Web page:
4 Great Songs for Practicing Guitar Octaves and Octave Slides ~ Guitarbinge.com Guitar Blog - Guitar Tricks,Tips and San Diego Band Interviews

Saturday, February 2, 2008

4 Great Songs for Practicing Guitar Octaves and Octave Slides

For those that are just beginning guitar, an octave is just an interval of 8 notes in a scale. Here, The 2nd C is one octave higher than the first.

C D E F G A B C

In the world of guitar tips and guitar tricks, a few standard tuning octave forms pop up all the time. Here are some common forms. (I jut picked the 3rd fret—you can use these forms on any fret): The “X” means that you should lightly touch that string with your forefinger in order to mute it. Only the “3” and “5” should be heard, the X should have a deadened thud that won’t be noticed on amplification.

E|--------------|
B|-----------6--|

G|-5---------X--|

D|-X----5----3--|

A|-3----X-------|
E|------3-------|

Octaves are heard everywhere. Many distorted rock songs have the rhythm guitar player playing power chords and the lead guitarist simultaneously playing octaves. This is one of those guitar tricks that thickens the sound and adds more layers of resonance. The octave form is, after all, made up of the same note and these notes resonate together.

You could (and should!) practice octave slides randomly to a metronome. But much of the time it’s easier and more fun to practice a popular tune. So without further ado, I give you 4 examples of well known octaves arranged in order of difficulty…

Very Easy
Song: The Strokes – “Last Nite”




Tuning: E standard (EADGBE)
Practice: Single Octave
Listen to: 0.01 to 0.25

The intro to this song has one guitar playing a single octave over and over. A cool monotonous droning sound results, which then blends nicely with the second guitar…


E|---------------------------|
B|---------------------------|

G|-5--5--5--5--5--5--5--5----|

D|-X--X--X--X--X--X--X--X----|

A|-3--3--3--3--3--3--3--3----|

E|---------------------------|





Easy
Song: Bush – “Machinehead”

Tuning: E standard (EADGBE)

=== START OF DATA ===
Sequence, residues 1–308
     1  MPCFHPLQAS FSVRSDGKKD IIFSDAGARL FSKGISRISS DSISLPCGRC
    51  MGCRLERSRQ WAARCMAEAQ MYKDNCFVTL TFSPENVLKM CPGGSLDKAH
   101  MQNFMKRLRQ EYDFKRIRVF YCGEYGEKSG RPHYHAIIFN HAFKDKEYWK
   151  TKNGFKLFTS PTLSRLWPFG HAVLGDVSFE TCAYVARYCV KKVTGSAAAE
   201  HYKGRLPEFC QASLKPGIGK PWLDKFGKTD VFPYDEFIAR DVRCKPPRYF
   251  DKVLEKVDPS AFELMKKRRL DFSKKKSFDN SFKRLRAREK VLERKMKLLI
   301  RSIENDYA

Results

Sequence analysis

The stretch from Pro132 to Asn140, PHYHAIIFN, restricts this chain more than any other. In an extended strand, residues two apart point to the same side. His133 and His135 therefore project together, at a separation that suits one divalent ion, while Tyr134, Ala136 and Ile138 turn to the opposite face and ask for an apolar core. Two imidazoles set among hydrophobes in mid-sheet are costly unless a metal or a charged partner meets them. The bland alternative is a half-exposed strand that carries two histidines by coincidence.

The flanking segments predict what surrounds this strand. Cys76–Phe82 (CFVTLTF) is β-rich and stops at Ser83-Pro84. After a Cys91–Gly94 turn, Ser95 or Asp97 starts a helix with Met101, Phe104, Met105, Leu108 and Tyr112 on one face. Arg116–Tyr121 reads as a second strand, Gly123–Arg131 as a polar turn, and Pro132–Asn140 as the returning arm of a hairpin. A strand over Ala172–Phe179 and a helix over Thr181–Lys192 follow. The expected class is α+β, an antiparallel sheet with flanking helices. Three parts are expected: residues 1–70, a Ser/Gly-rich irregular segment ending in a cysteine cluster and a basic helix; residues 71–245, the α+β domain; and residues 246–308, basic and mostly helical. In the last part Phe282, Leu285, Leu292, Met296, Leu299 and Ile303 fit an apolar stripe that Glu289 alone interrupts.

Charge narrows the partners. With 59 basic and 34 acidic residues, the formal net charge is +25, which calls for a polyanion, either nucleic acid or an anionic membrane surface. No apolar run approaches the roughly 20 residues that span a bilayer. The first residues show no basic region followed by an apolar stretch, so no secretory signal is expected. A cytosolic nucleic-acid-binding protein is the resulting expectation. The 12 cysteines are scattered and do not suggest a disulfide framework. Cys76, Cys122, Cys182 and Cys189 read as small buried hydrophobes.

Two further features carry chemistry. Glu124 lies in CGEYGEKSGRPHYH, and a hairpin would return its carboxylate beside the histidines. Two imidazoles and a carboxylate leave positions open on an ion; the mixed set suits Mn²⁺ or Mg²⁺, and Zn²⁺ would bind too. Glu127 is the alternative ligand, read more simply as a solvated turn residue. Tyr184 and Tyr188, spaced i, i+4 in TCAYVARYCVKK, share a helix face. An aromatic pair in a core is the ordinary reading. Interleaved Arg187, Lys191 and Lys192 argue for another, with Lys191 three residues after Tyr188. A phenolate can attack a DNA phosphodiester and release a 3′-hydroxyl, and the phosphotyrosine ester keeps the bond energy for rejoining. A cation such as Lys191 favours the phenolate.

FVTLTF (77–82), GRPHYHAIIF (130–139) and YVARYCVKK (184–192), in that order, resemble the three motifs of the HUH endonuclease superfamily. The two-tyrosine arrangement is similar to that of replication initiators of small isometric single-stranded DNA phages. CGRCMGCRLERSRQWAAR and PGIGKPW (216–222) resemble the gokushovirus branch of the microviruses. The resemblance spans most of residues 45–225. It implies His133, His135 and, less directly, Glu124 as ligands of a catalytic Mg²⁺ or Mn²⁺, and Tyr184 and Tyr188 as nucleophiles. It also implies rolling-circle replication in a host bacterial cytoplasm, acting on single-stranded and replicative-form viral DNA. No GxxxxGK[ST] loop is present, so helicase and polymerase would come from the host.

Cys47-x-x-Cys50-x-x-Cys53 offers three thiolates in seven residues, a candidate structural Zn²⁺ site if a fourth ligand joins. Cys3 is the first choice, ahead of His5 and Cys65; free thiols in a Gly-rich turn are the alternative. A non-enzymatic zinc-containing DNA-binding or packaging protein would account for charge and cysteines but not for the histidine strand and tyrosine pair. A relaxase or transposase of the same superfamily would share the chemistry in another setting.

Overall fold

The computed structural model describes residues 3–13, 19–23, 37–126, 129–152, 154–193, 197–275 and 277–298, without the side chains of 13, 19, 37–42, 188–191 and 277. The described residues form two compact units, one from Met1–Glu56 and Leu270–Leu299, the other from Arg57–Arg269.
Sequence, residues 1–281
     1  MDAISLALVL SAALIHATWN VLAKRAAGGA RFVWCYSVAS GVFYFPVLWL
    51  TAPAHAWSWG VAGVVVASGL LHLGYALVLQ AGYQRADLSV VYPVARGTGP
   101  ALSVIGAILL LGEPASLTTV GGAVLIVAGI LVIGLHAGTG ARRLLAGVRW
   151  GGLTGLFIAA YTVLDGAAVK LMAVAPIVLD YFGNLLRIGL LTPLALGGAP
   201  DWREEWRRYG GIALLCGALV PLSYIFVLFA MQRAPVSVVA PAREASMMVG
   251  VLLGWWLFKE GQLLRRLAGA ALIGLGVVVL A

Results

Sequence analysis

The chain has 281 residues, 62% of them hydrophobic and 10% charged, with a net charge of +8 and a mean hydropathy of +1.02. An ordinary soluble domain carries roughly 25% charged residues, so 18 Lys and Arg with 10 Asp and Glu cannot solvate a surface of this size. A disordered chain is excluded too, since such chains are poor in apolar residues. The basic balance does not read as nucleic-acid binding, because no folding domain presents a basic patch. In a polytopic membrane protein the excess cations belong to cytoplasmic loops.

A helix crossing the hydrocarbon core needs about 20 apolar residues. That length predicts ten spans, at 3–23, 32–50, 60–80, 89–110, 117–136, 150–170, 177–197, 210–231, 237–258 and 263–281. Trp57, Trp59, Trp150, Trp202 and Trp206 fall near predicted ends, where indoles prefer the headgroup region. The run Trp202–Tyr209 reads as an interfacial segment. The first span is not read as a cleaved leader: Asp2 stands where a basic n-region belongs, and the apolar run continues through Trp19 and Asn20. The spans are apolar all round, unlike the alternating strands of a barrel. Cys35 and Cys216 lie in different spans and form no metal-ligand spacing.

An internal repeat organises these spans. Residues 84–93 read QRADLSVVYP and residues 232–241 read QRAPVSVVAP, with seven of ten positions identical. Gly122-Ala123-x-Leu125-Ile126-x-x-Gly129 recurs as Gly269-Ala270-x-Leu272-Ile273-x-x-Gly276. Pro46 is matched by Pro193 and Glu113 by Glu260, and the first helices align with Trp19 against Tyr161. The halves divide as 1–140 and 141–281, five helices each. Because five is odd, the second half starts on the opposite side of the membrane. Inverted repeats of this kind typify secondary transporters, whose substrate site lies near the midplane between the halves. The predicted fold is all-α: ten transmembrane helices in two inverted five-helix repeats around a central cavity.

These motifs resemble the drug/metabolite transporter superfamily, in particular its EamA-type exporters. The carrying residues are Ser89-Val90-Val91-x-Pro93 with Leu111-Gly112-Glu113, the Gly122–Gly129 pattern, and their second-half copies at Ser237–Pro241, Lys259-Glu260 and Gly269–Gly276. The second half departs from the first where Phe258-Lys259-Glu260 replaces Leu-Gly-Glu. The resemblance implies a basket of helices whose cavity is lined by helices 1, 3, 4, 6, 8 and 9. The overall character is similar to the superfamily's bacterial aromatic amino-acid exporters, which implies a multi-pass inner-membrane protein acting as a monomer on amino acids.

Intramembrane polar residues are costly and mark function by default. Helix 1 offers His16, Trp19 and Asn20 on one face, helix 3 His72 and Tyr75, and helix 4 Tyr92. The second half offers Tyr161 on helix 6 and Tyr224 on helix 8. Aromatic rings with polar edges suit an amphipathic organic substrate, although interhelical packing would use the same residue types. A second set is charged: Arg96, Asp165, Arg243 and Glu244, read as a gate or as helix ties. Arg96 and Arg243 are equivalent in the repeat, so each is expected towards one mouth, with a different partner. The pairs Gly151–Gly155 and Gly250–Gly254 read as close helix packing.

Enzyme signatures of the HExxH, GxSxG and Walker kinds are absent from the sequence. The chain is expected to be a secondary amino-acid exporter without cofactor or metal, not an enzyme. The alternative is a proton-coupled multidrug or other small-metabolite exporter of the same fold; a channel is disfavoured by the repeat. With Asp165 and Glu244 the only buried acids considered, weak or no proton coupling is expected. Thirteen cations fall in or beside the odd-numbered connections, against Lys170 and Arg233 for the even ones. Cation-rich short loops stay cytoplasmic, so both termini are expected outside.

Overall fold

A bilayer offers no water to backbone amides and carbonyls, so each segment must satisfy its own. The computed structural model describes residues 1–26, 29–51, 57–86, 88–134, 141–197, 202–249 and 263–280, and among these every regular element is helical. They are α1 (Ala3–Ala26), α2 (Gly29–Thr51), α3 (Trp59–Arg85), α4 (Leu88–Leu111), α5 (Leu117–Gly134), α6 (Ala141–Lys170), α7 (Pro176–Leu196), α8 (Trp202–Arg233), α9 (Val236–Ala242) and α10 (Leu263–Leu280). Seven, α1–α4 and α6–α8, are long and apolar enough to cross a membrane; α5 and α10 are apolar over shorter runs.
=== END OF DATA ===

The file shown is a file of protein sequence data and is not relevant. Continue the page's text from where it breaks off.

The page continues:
Practice: Sliding Octave Up
Listen to: 0.01 to 0.20

This old chestnut was the poster-child of the post-grunge explosion. Catchy? Played out? Call it what you will, its octave slide is instantly recognizable.

E|----------------------------|
B|----------------------------|

G|-6--6--8--8--8--9--9--11-11-|
D|-X--X--X--X--X--X--X--X--X--|

A|-4--4--6--6--6--7--7--9--9--|
E|----------------------------|





Medium
Song: Korn – Got the Life

Tuning: (DGCFAD) (Technically ADGCFAD on a 7-string, but the 7th string isn’t used
here)
Practice: Fast Strumming and Sliding of Octaves
Listen to: 0.30 to 1.00

Octaves are a staple of nu metal and these melancholy slides created Korn’s most familiar tune. The below tab shows the single octaves used in the intro of Got the Life. Strum each of these up and down quickly and slide up/down to the next octave in order to get the correct rhythm.



Video of Got the Life - Intro









Hard

Song: A Perfect Circle – The Hollow


Tuning: C# Standard (C# F# B E G# C#)
Practice: Octaves at Irregular Timing
Listen to: 0.02 to 0.20



The progressive rhythm of this intro makes it extremely difficult to nail down. Make sure to slide up and down on the octave change. On the vid, watch Guitarist Billy Howerdel’s (the bald guy at the 0.10 sec mark) right hand and its up-down motion. If you can master the timing on this beast, I bow to you!






4 comments:

Brown said...

great job so far!

jenny

vicabraxas said...

Great work. Here's a new video of "The Hollow" where you can really hear the strumming on the intro.

http://es.youtube.com/watch?v=y-yL-4sxXfk&feature=related

Cheers from Chile!

Alana said...

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Margaret

http://guitarlearntoplay.net

ac54bb1a-42dc-11e0-ada3-000bcdca4d7a said...

This is a really useful post. I’ve found them very useful. Now I can use it like a college boardhelp ;). Thanks